Designing a Kitchen: How do I ensure function first?
August 10, 2019
When I work with clients to start designing a kitchen for them, there are many questions that are asked to get to know more about their existing space.
What I typically like to do is a walkthrough through the entire main floor or the level where the kitchen is located. Sometimes, we will also tour the second story and/or basement. This little tour gives me a sense of the layout that we are going to be dealing with. It also gives my client time to explain what the rooms are used for and it gives me time to ask a myriad of questions.
How does your family currently use this room?
When do you typically find yourself using this room?
Is there anything you really love about this room?
Is there anything you would change?
Questions like the above get the conversation going and get my clients really sharing their thoughts on their home and current situation.
For this project, here is what the layout of the main floor currently looks like.
Designing a Kitchen
Getting the full story
After touring the main floor, there were some key features that my client was looking for:
No formal dining room
A much larger kitchen
More storage for food
A gas stove
A canopy hood fan
A counter depth refrigerator
An island with seating
Here is what part of their space currently looks like:
I’m a huge fan of providing options for my clients. I believe it is my job to think outside the box, possibly take a few risks, and present functional designs (I typically create two options) that check of all of the wishes. While doing this, I also always keep in mind the investment my clients are willing to make. There is no point in creating a wonderful plan if it is going to be nowhere near the investment my clients are willing to make.
For the first design, I created it using the least amount of tear out and tear down. With this particular home, we will need to have asbestos abatement done and I know how that can add to the overall budget. Some key features for this plan:
Move the entire kitchen into the existing dining room.
Delete one side window to accommodate for a wall of cabinets.
Re-size one existing window (keep the width but shorten the height) to allow for base cabinets to be on the wall.
Provide and island with seating.
For this design I deleted two windows (which I normally don’t do) to make room for as many cabinets as I could fit in. This kitchen checks off all of the same boxes as the one above. This plan also provides very set ‘zones’ (as you will see in the image below).
By having the fridge and pantry on the right hand side, it ‘chunks’ up the counter space and creates set ‘zones’. This plan does allow for the cooktop to be the ‘feature’ as you would be able to see that from the front foyer (a client request).
Working Towards the Final Plan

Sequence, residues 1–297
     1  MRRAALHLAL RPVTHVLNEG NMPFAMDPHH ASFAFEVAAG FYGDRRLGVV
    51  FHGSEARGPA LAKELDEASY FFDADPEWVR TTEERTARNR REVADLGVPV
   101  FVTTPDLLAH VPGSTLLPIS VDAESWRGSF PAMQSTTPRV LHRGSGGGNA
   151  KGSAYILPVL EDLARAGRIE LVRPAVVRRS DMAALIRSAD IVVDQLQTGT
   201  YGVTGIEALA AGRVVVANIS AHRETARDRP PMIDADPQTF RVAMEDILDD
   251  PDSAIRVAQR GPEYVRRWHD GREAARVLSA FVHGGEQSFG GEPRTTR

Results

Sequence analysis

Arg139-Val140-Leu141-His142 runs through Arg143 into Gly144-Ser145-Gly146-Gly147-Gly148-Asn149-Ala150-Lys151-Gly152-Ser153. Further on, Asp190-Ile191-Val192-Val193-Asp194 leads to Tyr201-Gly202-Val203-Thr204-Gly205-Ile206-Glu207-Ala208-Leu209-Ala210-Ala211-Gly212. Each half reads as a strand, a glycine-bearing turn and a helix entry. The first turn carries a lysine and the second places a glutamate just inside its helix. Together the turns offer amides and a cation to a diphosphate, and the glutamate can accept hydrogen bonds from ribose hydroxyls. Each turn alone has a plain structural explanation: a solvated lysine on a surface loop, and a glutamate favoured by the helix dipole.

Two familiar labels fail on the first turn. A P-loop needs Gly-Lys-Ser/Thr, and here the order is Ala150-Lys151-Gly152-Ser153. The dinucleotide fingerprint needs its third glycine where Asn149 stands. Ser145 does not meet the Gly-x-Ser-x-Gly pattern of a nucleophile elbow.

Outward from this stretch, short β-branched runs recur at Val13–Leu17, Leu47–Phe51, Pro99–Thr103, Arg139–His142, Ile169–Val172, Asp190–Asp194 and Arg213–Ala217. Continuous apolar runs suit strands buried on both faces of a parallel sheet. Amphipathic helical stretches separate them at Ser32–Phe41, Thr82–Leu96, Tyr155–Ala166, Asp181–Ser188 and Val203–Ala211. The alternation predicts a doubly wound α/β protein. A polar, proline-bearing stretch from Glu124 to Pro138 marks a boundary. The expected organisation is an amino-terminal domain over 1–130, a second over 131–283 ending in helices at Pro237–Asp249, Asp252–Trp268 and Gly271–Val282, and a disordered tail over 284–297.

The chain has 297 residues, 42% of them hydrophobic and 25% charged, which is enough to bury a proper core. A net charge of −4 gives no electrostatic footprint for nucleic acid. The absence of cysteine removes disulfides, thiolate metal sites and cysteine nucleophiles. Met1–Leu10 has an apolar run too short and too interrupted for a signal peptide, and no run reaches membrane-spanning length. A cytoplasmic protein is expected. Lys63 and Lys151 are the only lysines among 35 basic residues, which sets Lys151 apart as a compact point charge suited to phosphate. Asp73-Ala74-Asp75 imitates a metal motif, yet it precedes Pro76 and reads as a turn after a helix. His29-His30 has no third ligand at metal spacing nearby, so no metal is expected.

After reviewing these plans and going over the pros and cons for each, we started to work towards a ‘final plan’. While technically it won’t be the final plan until a lot more work is done, this ‘final plan’ gives my clients an idea of what they are hoping to achieve. This plan will also give my trades a recipe to follow when they come for the Trade Day.
After looking at the two options, my clients knew they wanted the following:
two tall pantries instead of one.
the removal of both existing dining room windows to make way for a new kitchen location.
the wall that separates the living room and kitchen to be made as small as possible. We know there are a lot of things running through this wall and to save on the budget, it will not be fully removed . In addition, my clients wish to have these two spaces not open to each other.
We did have a good chuckle when I showed the rendering (as we may have called it the ‘money shot’). After physically moving the dining room table and pretending to be at the new location of the fridge, my clients believe that this plan hits all of the checkboxes for their new, functional kitchen.
Kitchen Design Plan – What’s Next?
I’ve sent an entire package of all of the plans I designed, including this kitchen design plan, to my clients to digest. I never want to have my clients feel rushed or pushed into anything. They are going to go over the conceptual designs and offer up any other changes or suggestions.
Once we have a ‘final plan’, we will then book a trade day to get quotes from the trades. This will give us our labour budget and let us know what we have to use for our ‘pretty budget’.
In addition, this kitchen is far from being completely designed. My clients and I will go through each cabinet to ensure drawers are chosen where they need to be, and each interior has what it needs to have to be organized for my clients.
I look forward to taking this paper dream to a reality as we will be managing this project and construction is going to start in early fall. I hope you’ll join me for this journey!